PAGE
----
Elizabeth Hand invites us to a trip “Near Zennor” . A widow man orders his dead wife’s things. And he discovers – in a candy box – some letters written long time ago, when she had twelve, to a famous writer at that time, but convicted for pedophilia afterwards. Mystified, our character starts a journey with definitely other meaning than finding out the truth behind the facts of those years. He arrives near Zeenor, there where the passing of time has a different pace and strange worlds overlap. More fantasy than horror, but enough thrilling for sending shivers down our spines.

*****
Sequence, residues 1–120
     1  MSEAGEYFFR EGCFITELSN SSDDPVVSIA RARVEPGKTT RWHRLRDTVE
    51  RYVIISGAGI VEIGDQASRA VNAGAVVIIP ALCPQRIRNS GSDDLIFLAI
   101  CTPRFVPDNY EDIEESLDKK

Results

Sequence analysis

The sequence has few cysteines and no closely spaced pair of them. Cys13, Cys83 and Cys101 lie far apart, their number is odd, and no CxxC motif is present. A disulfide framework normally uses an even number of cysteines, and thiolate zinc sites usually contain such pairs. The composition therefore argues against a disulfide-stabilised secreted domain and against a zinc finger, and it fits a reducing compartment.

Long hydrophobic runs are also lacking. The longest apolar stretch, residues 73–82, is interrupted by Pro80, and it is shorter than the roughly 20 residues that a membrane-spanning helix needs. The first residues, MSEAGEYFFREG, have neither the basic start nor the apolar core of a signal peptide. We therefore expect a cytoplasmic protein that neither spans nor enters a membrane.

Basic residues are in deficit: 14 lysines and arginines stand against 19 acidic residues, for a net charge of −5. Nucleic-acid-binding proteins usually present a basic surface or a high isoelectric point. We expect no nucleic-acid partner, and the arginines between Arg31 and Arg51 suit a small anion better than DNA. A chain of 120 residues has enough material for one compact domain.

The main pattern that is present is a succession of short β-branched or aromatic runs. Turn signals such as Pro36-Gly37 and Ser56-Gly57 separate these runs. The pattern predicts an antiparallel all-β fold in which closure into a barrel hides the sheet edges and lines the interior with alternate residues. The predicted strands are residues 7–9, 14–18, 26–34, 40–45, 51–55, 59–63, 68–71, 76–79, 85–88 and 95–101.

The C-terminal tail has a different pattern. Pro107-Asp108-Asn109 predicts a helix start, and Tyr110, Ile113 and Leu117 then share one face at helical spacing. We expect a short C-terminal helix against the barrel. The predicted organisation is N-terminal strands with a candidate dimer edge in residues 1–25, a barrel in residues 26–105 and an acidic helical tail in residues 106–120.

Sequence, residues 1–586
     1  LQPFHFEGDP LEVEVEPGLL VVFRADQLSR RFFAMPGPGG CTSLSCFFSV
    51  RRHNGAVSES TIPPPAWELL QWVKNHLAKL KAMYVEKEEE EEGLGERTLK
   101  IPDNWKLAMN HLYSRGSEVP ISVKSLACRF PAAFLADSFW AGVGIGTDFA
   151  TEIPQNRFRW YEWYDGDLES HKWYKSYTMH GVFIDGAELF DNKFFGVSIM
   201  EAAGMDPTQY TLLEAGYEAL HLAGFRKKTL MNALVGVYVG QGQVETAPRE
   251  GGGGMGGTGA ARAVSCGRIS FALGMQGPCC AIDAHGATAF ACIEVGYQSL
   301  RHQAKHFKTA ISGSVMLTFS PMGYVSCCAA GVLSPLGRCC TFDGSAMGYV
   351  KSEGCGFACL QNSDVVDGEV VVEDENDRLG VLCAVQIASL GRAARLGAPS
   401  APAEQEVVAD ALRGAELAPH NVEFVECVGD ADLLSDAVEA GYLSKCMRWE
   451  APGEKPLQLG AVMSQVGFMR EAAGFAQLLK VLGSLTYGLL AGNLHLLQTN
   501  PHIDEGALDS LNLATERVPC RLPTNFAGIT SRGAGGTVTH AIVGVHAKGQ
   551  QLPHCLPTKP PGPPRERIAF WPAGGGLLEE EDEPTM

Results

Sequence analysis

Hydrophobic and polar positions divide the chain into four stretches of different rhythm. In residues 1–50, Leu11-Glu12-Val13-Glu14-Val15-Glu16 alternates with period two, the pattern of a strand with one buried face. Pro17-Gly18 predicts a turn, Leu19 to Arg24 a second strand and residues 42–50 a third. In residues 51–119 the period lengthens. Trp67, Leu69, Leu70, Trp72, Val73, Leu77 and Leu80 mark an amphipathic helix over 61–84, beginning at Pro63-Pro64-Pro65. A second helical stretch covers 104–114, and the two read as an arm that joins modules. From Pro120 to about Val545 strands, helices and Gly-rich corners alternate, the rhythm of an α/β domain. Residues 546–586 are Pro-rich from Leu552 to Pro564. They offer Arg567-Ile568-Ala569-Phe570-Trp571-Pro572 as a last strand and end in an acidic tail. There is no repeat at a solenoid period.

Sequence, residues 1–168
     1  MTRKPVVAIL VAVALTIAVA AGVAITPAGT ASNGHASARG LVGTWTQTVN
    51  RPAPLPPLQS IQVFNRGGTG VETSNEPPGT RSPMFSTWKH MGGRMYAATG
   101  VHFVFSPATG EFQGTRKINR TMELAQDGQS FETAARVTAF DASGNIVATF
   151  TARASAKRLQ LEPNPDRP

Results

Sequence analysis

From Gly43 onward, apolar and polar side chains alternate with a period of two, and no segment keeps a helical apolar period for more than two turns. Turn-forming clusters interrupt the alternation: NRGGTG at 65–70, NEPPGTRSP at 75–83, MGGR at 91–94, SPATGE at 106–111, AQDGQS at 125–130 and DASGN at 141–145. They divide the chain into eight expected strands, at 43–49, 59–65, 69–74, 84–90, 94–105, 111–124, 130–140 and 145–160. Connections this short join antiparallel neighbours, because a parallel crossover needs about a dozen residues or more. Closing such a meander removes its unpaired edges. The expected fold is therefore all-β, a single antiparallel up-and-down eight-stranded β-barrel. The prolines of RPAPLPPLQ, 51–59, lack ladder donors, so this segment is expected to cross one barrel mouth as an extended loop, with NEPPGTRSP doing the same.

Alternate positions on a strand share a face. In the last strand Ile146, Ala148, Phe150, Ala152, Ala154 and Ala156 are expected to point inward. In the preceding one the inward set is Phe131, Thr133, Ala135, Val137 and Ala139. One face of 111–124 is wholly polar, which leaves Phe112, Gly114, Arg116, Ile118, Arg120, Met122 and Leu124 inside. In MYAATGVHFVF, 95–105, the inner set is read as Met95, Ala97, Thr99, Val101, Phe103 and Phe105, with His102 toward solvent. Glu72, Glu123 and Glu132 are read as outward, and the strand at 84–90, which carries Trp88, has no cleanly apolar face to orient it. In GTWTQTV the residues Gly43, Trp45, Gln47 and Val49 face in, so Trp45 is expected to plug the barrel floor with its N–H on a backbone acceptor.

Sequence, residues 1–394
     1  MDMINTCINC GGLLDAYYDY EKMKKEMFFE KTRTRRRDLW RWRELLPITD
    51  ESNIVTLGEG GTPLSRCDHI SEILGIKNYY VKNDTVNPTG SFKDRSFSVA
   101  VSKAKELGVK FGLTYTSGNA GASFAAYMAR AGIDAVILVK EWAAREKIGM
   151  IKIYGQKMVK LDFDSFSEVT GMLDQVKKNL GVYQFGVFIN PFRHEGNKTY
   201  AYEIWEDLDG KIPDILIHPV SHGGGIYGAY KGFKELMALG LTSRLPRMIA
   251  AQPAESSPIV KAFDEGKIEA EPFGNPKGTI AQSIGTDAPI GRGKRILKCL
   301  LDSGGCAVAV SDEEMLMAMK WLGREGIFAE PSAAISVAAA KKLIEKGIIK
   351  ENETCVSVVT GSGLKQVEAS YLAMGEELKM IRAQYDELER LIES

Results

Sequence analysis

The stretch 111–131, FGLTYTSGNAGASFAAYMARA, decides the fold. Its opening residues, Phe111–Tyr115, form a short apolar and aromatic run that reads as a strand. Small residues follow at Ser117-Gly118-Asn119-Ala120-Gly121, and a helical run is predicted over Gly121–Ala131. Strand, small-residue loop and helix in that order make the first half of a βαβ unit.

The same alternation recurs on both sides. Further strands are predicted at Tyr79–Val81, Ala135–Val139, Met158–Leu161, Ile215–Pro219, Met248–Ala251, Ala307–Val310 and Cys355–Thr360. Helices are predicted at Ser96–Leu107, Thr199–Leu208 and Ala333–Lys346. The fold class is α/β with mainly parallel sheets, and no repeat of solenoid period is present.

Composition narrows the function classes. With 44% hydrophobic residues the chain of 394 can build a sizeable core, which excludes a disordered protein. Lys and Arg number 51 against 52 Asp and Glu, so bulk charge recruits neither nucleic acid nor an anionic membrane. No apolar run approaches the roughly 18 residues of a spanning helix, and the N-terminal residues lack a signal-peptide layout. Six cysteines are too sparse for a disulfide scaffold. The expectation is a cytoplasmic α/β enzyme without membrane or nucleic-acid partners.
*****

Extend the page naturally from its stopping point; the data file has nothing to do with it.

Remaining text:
Richard Christian Matheson writes “Last words”, a short but dramatic story. Sooner or later we all say the last words. But a certain serial killer has developed a morbid fascination for those last words. The story is the real proof for obtaining the horror without a lot of pages.

Finally, I could say A Book of Horrors is a welcome book in a world where the horror is entertaining instead of thrilling. The only thing I can reproach is that the book finishes too soon. Way too soon.

Buy A book of Horrors on Amazon.